How many projects can a screenwriter juggle??



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  • How many projects can a screenwriter juggle??

    Didn't know where to post this, but I figured basics would be alright... I hope it is... that being said...

    This has been really odd, but I'm in the middle of a script right now and can not finish it. I have no motivation to finish the script and I am wanting to work on some other projects. Do you think it's alright to stop in the middle of a script and start another project, in hopes of coming back to it down the road? I started this script well over a year ago and it has drastically changed since then so I guess I'm just sick of working on it. Don't get me wrong, I love the story and I truly want to finish it, but I'm just exhausted over it...

    My father, who is a successful business man, told me never juggle too many projects at once because or you will never be able to finish any of them. He was obviously saying don't juggle business adventures around, but since I suck at business, I used this as a model for writing, always trying to work on one project until I finish it.

    Do you think it's alright to juggle some projects around? I'm curious on your opinions.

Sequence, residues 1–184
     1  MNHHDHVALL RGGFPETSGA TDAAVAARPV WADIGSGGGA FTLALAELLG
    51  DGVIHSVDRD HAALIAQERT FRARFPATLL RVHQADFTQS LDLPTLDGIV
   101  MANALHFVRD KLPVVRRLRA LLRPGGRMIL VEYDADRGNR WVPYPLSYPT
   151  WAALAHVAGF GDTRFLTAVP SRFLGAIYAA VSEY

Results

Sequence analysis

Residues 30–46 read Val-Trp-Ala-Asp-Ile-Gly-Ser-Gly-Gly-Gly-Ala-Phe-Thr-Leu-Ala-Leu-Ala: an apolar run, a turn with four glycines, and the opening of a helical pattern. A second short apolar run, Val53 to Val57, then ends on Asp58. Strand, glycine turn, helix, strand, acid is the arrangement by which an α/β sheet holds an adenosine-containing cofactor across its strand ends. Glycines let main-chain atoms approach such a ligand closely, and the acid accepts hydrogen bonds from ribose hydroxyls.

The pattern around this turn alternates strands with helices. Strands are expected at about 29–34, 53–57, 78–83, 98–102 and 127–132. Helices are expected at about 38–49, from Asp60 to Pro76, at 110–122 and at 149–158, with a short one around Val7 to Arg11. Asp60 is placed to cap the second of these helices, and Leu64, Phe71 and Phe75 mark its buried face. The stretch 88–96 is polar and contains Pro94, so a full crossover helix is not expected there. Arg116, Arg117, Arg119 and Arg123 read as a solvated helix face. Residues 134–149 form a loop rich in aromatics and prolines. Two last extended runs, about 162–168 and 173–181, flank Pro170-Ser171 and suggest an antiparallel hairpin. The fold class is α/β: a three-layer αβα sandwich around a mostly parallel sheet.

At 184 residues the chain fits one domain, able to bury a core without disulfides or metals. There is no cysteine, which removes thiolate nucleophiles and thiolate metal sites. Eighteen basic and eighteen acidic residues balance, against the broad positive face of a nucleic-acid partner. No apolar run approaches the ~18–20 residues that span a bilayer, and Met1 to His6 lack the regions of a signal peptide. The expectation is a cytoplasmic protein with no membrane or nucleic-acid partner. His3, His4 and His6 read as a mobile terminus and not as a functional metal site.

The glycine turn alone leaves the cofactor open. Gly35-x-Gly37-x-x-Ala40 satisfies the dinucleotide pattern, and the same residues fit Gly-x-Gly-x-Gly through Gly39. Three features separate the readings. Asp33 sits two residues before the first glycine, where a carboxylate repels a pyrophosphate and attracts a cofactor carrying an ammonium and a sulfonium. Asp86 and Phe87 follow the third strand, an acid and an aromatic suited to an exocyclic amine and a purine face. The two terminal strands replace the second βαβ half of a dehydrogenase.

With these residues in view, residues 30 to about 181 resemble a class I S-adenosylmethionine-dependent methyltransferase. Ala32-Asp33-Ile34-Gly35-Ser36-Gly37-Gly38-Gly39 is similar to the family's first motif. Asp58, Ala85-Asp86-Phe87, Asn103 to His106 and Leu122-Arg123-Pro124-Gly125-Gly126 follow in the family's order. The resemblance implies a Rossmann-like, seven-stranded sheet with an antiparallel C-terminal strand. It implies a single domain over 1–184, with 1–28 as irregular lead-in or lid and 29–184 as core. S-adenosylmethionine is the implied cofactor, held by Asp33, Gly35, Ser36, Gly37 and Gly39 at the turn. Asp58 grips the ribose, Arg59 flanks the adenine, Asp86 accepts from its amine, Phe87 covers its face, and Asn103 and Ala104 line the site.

• #2
    Of course it's all right to move among a few projects, especially if you're stuck on one of them...unless, of course, you're being paid for your efforts, in which case you really ought to finish.

    Professional writers often double- or even triple-book (some probably quintuple-book, for all I know) and have to work on several projects at once in order to meet their deadlines. It's not a schedule I could maintain for very long, frankly, but the point is that there are no rules as far as what must happen or not happen in order for a writer's work to turn out well. If you need to step away from a script that just isn't happening right now, that's fine. It'll still be there in a week or six months or two years when you're ready for it, and if, in the interim, you finish something else, what's the harm?

    That said, if you do start to notice a pattern like the one your father suggests, namely that you get partly through a project, get disenchanted or stuck and then start something else...that you eventually abandon, unfinished, because you got disenchanted or stuck...then you might want to take a hard look at things. But until that happens, do what you gotta do to keep writing, period.


    • #3
      Take on as much work as you can handle without getting too stressed out or falling behind. Take breaks when you can.

      Enjoy your life. It'd suck if you turned writing into an actual job.


      • #4
        As many as he can *FINISH*

        Okay, you know you better than we do. Here's the big question - if you set this script aside to work on another, will you eventually come back to finish it?

        I know writers who have never finished a script - but they have a whole stack of half-finished scripts. You see, if a script is finished, it might suck. If it's unfinished, it might be brilliant... if it's ever finished.